Indigent Alabamians who can’t pay traffic tickets or minor fines endure illegal extortion and end up behind bars
The decision comes as cities across the state cut ties with the company following SPLC action.
A private, for-profit “probation” company that collects minor fines and fees for municipal courts, often by threatening the poor with jail, is closing its doors in Alabama on Nov. 13, but still faces a racketeering lawsuit filed by the SPLC.
The company, Judicial Correction Services (JCS), sent a letter notifying municipalities that it will be leaving Alabama, according to officials in Anniston and Clayhatchee. Cities across the state have been cutting ties with JCS in increasing numbers since the SPLC filed a lawsuit in March against the company’s operations in Clanton.
“JCS’s decision to leave Alabama is welcome news,” said Sam Brooke, SPLC deputy legal director. “Indigent Alabamians will no longer endure the illegal extortion tactics that seem to be part of the company’s standard procedures.
“It was already clear from the number of cities canceling contracts with JCS that city officials across the state have realized that this company is bad for their communities.”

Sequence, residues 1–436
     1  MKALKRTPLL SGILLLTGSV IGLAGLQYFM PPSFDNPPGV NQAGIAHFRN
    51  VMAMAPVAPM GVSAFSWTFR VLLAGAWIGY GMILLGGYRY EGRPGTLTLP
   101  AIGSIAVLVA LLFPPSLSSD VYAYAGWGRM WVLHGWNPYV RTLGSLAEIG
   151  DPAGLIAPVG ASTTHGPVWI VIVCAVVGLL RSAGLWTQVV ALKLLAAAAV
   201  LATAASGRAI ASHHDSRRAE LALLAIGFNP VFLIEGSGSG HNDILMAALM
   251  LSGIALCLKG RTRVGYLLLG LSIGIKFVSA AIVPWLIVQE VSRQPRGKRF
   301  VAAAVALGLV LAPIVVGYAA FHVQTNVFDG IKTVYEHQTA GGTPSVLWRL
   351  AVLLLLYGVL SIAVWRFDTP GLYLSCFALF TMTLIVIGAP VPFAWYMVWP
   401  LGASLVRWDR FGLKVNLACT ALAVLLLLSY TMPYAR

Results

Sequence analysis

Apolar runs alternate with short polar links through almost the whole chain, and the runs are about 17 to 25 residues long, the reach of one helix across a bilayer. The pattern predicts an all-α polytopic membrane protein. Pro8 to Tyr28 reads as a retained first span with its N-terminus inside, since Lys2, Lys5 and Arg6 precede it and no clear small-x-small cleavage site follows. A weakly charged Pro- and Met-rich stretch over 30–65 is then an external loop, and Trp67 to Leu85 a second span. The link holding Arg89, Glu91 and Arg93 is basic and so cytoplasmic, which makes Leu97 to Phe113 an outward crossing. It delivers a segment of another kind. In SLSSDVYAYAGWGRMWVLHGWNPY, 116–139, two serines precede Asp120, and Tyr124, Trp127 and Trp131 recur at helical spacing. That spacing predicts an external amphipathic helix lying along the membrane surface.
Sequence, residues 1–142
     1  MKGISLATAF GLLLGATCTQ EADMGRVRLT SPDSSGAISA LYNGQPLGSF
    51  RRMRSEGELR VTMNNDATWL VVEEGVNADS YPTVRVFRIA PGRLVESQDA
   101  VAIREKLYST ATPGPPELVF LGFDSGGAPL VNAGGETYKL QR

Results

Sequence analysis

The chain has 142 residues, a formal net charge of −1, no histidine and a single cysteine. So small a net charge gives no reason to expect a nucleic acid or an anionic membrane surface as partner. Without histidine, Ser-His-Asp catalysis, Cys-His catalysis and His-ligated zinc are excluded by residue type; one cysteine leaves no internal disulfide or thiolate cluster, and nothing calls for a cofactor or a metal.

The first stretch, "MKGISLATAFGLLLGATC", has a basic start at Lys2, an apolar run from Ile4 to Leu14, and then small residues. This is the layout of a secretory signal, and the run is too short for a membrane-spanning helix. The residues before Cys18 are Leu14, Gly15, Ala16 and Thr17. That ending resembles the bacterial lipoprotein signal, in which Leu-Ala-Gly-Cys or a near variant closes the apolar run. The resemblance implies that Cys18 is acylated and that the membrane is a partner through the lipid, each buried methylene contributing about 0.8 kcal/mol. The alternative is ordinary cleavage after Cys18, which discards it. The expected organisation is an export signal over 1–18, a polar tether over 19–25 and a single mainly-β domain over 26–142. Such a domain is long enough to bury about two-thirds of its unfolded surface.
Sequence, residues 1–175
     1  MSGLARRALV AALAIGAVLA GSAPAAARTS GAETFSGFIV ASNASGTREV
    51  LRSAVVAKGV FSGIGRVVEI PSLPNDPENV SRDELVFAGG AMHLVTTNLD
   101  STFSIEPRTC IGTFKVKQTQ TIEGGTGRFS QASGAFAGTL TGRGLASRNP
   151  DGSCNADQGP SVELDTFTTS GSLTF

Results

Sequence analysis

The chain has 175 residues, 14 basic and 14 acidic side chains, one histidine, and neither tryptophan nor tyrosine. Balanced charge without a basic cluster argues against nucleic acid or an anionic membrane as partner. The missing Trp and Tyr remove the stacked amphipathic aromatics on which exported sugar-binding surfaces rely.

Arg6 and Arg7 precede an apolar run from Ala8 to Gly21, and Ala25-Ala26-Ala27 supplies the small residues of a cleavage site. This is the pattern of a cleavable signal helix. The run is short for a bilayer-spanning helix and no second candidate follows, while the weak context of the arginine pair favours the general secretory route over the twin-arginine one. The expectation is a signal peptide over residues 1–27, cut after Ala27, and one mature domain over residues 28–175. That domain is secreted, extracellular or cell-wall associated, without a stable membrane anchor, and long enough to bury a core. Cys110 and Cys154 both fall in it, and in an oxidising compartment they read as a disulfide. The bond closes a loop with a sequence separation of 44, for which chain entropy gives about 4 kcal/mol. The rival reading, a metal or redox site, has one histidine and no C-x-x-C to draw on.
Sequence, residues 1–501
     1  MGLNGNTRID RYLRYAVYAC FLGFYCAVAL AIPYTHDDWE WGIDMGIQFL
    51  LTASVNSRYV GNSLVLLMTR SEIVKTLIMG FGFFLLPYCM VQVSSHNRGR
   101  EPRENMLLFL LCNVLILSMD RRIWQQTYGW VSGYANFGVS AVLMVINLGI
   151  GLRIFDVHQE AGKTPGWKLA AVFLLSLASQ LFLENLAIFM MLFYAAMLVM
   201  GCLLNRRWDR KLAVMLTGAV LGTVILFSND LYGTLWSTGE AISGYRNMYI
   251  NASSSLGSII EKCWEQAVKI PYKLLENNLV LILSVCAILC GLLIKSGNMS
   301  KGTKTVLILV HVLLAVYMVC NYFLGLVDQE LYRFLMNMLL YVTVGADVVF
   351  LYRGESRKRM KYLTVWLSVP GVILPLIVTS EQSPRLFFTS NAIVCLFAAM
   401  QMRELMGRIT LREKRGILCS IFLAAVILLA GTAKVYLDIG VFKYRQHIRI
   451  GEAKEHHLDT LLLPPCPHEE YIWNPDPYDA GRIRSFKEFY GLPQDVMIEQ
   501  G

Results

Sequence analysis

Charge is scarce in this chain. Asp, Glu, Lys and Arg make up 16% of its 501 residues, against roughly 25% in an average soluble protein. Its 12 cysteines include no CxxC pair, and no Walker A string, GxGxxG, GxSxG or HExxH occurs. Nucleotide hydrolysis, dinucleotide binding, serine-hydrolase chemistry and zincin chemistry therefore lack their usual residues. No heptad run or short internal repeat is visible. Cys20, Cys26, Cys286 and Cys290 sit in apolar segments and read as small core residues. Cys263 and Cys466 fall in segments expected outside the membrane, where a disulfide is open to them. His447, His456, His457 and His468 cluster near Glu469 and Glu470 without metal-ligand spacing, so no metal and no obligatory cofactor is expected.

JCS offers municipal courts its services at no cost to them. People who can’t pay traffic tickets and other minor fines in a lump sum are placed on what is known as “pay-only probation,” and judges assign JCS to collect payments. The company profits from fees it charges – typically $40 a month – to people making payments, prolonging their ordeal and making it more difficult to pay off their debt. Company officials often threaten people with jail to secure payment, and many defendants end up behind bars.
In March, the SPLC filed a federal lawsuit accusing JCS and the city of Clanton of operating an illegal racketeering scheme to extort money from poor residents. The city later canceled its contract with the company as part of a settlement agreement with the SPLC. The claims against JCS are still pending.
The SPLC sent letters to approximately 100 cities that had contracts with JCS, urging them to cancel their contracts. Seventy-two cities have canceled their contracts with JCS, and eight cities have canceled contracts with other private probation companies. A map of municipalities that currently contract with a private probation company or have ended their contract can be viewed here.
An earlier SPLC lawsuit against the city of Montgomery resulted in a settlement agreement in which the city agreed to stop jailing indigent people for their inability to pay fines. The city also decided to not renew its contract with JCS.